He wept bitter tears for his own fear and sin and cowardice, but he did not despair.  Unlike Judas.  Did the look that Jesus gave him communicate to him:  Remember, I told you you would deny me, and I was right, so you have; but remember I also told you I would rise again, and I will be right about that too!  I have prayed for you, Peter, that you faith fail not!

Think of the man we meet here on the other side of the resurrection, on the day of Pentecost!  The man who cowered before the serving girl boldly tells the crowds that day:  "This Jesus whom YOU murdered by hanging on a tree God has raised from the dead and we are all His witnesses!"

What stands in between?  The resurrection of Christ and the coming of the Spirit.  And so with you and your Baptism.  For in the waters you are placed into the tomb with Christ and raised with Him as the guarantee of a life that will never end.  In the waters the Holy Spirit Himself descended upon you even as He descended on Peter and the other Apostles on Pentecost - transforming them from quavering cowards to bold confessors.  What changed was the conviction of faith that Jesus truly HAS destroyed death's power by enduring it.

Years later Peter was told:  Sacrifice to the Emperor and deny this Jesus or die!  And in the grace of God he refused.  He refused and he went the way of his Lord.  Even to being crucified, though upside down because he did not feel himself worthy to die the same as his Lord.  But in the end, Peter looked the fear of death in the face and laughed at it.  "You can't scare me this time!  I know Who lives forevermore and I know you have NO power over Him and I am in Him and His body and His blood are in me.  You lose, even as you take me.  I am not afraid of you."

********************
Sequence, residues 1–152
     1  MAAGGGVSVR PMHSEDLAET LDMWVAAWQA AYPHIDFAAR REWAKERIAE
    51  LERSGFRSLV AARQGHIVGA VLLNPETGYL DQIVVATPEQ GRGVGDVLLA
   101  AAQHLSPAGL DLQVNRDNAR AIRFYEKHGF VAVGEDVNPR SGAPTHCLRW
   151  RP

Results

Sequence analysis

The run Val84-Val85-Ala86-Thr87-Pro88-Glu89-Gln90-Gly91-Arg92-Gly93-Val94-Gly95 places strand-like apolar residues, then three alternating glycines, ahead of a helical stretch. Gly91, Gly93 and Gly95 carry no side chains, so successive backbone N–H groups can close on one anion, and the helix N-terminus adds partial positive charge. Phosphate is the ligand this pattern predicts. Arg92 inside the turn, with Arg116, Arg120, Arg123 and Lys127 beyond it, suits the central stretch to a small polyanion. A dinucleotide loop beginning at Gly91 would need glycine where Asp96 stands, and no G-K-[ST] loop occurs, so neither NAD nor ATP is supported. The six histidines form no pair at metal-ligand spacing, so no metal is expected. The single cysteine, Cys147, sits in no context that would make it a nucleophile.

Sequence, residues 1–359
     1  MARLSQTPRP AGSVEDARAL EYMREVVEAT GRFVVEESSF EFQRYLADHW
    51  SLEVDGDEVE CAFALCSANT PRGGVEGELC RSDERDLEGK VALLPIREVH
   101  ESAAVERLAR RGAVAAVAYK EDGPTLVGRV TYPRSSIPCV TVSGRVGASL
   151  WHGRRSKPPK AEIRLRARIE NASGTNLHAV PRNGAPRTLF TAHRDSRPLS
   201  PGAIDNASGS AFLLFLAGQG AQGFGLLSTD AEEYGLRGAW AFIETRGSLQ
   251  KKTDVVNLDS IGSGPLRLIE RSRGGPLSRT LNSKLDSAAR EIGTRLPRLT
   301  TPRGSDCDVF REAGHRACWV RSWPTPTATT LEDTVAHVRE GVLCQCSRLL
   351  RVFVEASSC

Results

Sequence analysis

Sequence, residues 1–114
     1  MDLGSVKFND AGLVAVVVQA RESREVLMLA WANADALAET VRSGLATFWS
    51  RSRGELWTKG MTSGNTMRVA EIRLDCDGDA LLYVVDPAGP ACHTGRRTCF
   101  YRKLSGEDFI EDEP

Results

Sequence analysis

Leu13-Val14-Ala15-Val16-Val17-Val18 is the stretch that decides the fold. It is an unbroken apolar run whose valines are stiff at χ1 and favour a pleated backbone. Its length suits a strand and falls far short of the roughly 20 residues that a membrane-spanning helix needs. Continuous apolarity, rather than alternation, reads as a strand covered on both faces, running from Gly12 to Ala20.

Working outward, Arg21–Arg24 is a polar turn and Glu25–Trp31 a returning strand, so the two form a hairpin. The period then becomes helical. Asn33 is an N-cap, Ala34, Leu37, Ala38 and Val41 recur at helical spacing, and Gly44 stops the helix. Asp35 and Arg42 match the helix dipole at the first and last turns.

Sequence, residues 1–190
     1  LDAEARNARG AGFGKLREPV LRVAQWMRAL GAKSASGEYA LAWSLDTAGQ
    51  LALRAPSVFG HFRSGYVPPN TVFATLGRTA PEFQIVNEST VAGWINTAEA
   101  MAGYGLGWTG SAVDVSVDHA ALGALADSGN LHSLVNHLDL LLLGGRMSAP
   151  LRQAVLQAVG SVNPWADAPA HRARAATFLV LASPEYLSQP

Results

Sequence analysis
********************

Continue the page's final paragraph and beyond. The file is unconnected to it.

Something has to die and something rises as a gift of God to us.  Slavery to fear of death gets left behind in the baptismal water, and courage to boldly confess the Master is poured out fresh each day.  Lent calls us to return to this gift of the water - to embrace the death of fear and the resurrection of bold confession in the Spirit's power.  O Lord, set us free and loose our tongues to confess!  Amen.

10 March 2015


It was a wonderful time with dear friends and enjoying the beauty of God's awesome creation. It was sunny (for the most part), warm, and the trade winds never stopped. Only ran a 5-K on board the boat, but that was a lot of fun. Ran barefoot. Sadly, forgot to look at the time. But I wasn't racing. I was basking. The sun and the wind were just what the doctor ordered. 

Came back to Missionary Orientation. Cannot even begin to describe how much energy it brings to the building to have these folks with us. The IC chapel filled with little ones. The singing loud and boisterous. And best of all (for me) teaching the catechism. My favorite! This Friday will be the sending service at 2 p.m. Join us, if you're in the area. Missionary kids will be singing, we'll have Kantor Gerike on the organ and trumpets and trombone, but best of all: we'll have our Lord's Body and Blood for the remission of our sins.

Also realized how very much I had missed the radio show while away. A treat to be back on air and with John Lukomski as the guest. We truly did romp through the goodies of Matthew 28. 

So, back in the saddle and raring to go. Good thing too, given the packed schedule for this week.